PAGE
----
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Joy of Museums

Museums, Art Galleries and Historical Sites

Sarcophagus of Seianti Hanunia Tlesnasa

Seianti Hanunia Tlesnasa

Sarcophagus of Seianti Hanunia Tlesnasa

The Sarcophagus of Seianti Hanunia Tlesnasa is the life-size sarcophagus of an Etruscan noblewoman dating from 150 BC and is a masterpiece of Etruscan artwork. The deceased woman’s name is inscribed in Etruscan along the base of the chest. She was part of a wealthy aristocratic family and is dressed sumptuously, wearing an ornate gown and cloak, with drapery over her body and adorned with a tiara, earrings, bracelets and a necklace. Seianti is depicted as a mature woman, who is adjusting her veil to show her body. She leans against a pillow and holds a mirror in her other hand, gazing into the distance.

This brightly painted Etruscan sarcophagus was discovered in 1886 with the contents of a skeleton and some grave belongings. Scientific analysis of the bones and teeth indicated that Seianti probably died at about 50–55 years of age. The idealized face of the deceased woman depicted on the sarcophagus was typical of Etruscan art at the time.

Sarcophagus

A sarcophagus is a box-like funeral receptacle for a corpse and was usually created to be displayed above the ground. The word sarcophagus is derived from a combination of Greek words that mean “flesh-eating stone.”

Etruscan Civilization

The Etruscan civilization is the name given to a powerful and wealthy culture from ancient Italy in the area corresponding roughly to Tuscany, western Umbria, and northern Lazio. Distinguished by its unique language, this civilization endured from before the time of the earliest Etruscan inscriptions (c. 700 BC) until its assimilation into the Roman Republic, beginning in the late 4th century BC.

In the 7th century BC, the early Etruscan culture was influenced by Ancient Greek culture. Archaic Greece culture significantly influenced their art and architecture, and Greek mythology was familiar to them. In their heyday, the Etruscan elite grew rich through trade with the Celtic world to the north and the Greek settlers to the south and filled their large family tombs with imported luxuries.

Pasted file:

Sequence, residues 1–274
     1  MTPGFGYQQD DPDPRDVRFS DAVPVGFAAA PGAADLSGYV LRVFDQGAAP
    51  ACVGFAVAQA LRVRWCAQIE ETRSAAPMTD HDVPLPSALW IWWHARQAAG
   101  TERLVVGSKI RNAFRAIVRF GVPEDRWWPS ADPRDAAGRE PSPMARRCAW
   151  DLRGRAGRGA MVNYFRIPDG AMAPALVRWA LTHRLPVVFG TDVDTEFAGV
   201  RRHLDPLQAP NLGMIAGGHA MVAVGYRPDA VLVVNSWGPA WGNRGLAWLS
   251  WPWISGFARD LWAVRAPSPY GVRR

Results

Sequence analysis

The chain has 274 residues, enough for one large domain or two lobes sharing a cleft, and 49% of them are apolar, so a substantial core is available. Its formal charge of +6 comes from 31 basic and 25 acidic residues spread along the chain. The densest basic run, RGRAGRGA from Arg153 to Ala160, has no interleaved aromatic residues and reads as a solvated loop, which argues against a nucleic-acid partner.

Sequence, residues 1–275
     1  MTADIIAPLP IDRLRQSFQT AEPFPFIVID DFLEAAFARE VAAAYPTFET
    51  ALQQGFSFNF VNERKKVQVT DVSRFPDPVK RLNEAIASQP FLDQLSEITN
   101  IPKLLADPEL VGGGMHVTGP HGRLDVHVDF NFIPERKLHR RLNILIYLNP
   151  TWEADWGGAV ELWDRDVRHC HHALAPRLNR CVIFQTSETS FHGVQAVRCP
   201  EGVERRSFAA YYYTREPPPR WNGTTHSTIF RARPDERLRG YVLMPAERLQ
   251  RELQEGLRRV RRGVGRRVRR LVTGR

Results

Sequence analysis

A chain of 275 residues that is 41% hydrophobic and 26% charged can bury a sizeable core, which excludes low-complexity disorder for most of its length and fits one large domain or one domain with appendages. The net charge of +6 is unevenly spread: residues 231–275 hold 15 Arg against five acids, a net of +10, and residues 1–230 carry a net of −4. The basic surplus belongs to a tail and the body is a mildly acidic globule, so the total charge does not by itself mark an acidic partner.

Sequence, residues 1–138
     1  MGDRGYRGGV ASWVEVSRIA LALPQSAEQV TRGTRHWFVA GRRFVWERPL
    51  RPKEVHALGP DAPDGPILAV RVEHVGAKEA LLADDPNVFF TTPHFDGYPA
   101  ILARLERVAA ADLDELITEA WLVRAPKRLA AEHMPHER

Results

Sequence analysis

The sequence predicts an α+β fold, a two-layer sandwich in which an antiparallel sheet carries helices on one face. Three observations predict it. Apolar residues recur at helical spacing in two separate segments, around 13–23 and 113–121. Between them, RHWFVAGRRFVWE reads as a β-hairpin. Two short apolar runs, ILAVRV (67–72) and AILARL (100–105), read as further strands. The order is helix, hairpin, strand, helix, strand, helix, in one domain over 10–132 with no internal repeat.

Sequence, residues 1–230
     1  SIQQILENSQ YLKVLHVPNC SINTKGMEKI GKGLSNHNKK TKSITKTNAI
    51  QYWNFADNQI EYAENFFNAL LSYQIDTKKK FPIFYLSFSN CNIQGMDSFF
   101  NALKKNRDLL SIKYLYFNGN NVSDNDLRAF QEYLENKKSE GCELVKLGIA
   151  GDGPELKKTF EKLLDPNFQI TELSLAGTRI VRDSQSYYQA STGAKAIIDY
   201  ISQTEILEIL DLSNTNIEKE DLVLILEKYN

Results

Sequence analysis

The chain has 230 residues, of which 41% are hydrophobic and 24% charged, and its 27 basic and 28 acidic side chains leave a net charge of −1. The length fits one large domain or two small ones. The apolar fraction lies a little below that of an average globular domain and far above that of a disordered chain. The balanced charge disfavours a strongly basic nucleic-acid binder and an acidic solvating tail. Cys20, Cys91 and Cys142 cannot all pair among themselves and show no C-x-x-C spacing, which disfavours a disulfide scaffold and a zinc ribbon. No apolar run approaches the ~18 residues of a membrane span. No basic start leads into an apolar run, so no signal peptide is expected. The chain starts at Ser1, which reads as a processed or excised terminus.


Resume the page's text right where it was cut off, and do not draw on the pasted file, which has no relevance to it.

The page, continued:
Sarcophagus of Seianti Hanunia Tlesnasa

  • Title:                 Sarcophagus of Seianti Hanunia Tlesnasa
  • Date:                150 to 140 BC
  • Culture:           Etruscan
  • Medium:          Moulding/terracotta and paint
  • Discovered:   1886 – Poggio Cantarello near Chiusi in Tuscany
  • Dimensions:  Length: 183 cm (72 in); Height: 117 cm (46 in)
  • Museum:        The British Museum

Collections of the British Museum

Ancient Egypt and Sudan Collection

Middle East Collection

Ancient Greece and Rome Collection

Britain, Europe, and Prehistory Collection

Asian Collection

Africa, Oceania and the Americas Collection

The Prints and Drawings Collection

Information on The British Museum

Reflections

  • Etruscan art was heavily influenced by Greek art but always retained distinct characteristics, especially in terracotta sculpture. What makes this terracotta sculpture uniquely Etruscan?
  • Her two-thousand-year-old jewelry comprises a tiara, earrings, necklace, bracelets, and finger-rings, do they vary significantly from modern jewelry?
  • Sarcophagi sculptures made a return to the cemeteries of America during the last quarter of the 19th century. Did discoveries such as this ancient Sarcophagus influence this trend?

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“Who knows most believes least.”
– Etruscan Proverbs

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Photo Credit: [CC BY-SA 3.0 (https://creativecommons.org/licenses/by-sa/3.0)], from Wikimedia Commons

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